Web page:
LC: The pop-up is great because it’s the straight to customer stuff.
SH: Our brand is atmospheric and we can use Instagram and the website to tell that story but now we have an actual space to tell it.
I like that you bring the brand to life on Instagram through more than just product shots. Are there other ways that you guys have found to connect to your consumers without a big media spend?
The biggest story of the past year for us has been launching all of those pieces of content with Apiece Apart stories and building that following. With normal PR, we’d get in the pages of Vogue or the NY Times and nothing would happen.
In the very early days, we used to think that if we were getting coverage in the Times we had to have people waiting by the phone to take orders. But more recently, we’re seeing the real way that people engage.
They’re not looking in a magazine and seeing it and going to buy it. They’re not engaging with the clothes right away when they see them on Instagram necessarily but it’s more like inspiration. If we put a woman in a dress, we get very few hits. But if we show a beautiful corner of someone’s home, that’s when we see people connecting.
With PR and marketing, once we started to say, we’re going to take it grassroots style, who we are and what we actually really like, that’s when we saw it grow. What do we believe in? Once you start talking from the heart and you’re authentic, that’s when people engage with you.
That’s great, thanks so much. Final questions, for the upcoming election, any things you guys would hope for related to the business?
SH: One thing that’s been on my mind lately is thinking how we can all be more sustainable - ways we can all come together to be more green.
We can have an impact just by saying, we care about plastic bags - every business has a voice in those small ways. But then bigger picture, we had a great meeting with Eileen Fisher recently where she wanted to share their secrets of sustainable fabrics and dyes and relationships with their workers. Most companies wouldn’t share their secrets of success but she’s so progressive and really just opening up to everyone everything they’ve learned for the greater good.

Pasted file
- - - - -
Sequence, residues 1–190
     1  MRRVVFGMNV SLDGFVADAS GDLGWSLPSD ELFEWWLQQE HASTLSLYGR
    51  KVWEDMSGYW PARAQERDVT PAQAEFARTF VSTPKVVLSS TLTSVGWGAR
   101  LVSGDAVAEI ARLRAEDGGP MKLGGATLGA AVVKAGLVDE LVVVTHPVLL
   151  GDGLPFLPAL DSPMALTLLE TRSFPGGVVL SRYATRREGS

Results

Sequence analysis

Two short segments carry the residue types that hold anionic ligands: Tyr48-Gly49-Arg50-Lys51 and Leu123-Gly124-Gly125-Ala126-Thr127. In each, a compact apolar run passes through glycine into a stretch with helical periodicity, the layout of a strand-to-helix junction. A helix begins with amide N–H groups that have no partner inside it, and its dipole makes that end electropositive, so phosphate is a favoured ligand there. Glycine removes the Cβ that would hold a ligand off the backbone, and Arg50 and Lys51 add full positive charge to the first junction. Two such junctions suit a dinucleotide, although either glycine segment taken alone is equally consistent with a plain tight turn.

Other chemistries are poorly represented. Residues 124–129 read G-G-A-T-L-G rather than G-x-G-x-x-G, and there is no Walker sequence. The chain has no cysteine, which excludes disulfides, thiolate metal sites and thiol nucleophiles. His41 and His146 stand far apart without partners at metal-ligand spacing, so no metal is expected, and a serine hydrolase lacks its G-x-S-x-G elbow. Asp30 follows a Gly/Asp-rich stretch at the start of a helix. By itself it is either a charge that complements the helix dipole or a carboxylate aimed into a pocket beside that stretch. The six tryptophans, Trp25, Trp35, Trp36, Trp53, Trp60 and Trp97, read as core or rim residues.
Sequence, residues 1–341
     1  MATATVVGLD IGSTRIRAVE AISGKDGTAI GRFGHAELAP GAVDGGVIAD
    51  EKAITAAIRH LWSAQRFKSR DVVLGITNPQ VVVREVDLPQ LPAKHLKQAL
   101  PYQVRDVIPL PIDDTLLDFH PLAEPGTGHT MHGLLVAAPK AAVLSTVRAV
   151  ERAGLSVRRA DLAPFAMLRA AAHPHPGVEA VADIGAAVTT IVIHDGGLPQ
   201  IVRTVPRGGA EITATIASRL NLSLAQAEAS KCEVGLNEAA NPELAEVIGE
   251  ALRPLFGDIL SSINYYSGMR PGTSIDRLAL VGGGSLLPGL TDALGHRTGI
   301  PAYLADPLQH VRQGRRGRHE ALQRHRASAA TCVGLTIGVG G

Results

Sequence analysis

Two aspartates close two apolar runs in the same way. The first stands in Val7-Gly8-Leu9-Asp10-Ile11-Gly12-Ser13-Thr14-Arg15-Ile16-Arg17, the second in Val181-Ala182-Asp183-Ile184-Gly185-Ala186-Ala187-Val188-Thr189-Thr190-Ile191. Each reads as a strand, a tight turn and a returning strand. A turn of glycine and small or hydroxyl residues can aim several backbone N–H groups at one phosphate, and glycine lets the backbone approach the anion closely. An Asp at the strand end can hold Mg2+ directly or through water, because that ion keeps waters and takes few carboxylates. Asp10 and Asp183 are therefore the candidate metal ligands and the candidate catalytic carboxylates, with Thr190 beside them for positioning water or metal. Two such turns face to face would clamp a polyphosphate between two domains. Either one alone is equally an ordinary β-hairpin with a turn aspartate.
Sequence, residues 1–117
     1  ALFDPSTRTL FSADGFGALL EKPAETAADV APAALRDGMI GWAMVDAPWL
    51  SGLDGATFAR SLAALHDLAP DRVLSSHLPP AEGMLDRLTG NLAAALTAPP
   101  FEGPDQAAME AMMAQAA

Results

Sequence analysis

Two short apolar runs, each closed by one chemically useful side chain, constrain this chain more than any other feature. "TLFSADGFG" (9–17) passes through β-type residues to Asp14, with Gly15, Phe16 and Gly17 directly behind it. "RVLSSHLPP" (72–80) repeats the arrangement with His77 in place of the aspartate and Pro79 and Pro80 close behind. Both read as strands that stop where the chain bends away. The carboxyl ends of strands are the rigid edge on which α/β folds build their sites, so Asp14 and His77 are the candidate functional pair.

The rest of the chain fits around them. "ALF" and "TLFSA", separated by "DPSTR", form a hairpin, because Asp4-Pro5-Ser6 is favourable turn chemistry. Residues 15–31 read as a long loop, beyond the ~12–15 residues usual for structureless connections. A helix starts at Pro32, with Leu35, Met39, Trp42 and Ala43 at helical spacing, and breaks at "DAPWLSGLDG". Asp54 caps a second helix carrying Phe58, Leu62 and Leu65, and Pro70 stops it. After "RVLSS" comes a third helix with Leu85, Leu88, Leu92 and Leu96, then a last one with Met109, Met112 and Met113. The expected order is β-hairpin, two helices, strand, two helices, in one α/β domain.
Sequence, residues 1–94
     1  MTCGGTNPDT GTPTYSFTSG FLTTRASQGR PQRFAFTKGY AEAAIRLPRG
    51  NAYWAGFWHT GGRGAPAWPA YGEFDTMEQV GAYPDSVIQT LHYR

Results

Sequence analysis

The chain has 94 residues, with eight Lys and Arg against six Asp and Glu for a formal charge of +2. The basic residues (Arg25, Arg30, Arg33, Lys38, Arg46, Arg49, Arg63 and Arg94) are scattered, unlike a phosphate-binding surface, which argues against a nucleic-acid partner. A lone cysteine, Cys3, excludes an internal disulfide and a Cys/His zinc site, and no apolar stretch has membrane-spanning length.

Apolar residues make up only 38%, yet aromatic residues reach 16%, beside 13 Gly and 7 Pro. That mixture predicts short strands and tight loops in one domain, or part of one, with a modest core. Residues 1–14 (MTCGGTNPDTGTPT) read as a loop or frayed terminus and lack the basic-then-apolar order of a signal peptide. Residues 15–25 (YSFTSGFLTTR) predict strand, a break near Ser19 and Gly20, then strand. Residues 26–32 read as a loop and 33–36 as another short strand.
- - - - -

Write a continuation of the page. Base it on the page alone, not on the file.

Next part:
LC: Another thing we’ve talked about is access. So often we’ll think, we’re pricing this beyond what people we know could personally afford. There is a cost of things that people have been ignorant of to date. In the past 10 to 15 years especially, clothing prices have been driven so far down and that drives wages down around the world and also has an environmental impact. In an ideal world we’d love to manufacture everything in New York and use only organics but the real cost of doing that makes things unaffordable to most.
There is a reckoning now in the world and people are talking about the cost to the environment of this unsustainable model but I think only people in the position to be able to afford the higher priced items have the luxury of making some of those better choices unfortunately. Until the masses are made a little more equal in income, their impact can be felt in that way as well.
I really love Bernie Sanders – I really love Hillary as well – but I identify with his thoughts on that inequality when it comes to thinking about politics and the business.
What would I like to see happen? Obviously it is more complicated than this but… Firstly, that people start to make more money, relative to the world that we live in. Then, that there is a tax on the types of things that are really hurting the environment more. And then, that there is a credit to companies that are starting to think along green terms to incentive them. We’d need to have a long-term vision to really go full in that direction. Even someone larger like Eileen Fisher, their sustainable line is still just a passion project. It would take everyone involved to make a big change.
Last question, any advice for anyone starting out?
LC: Don’t listen to advice.
SH: Yes, I would agree with that. Also, protect your credit score if you can. That’s something I didn’t pay attention to much when I was younger but when you are business owners, your fiscal profile is monitored so it should look good.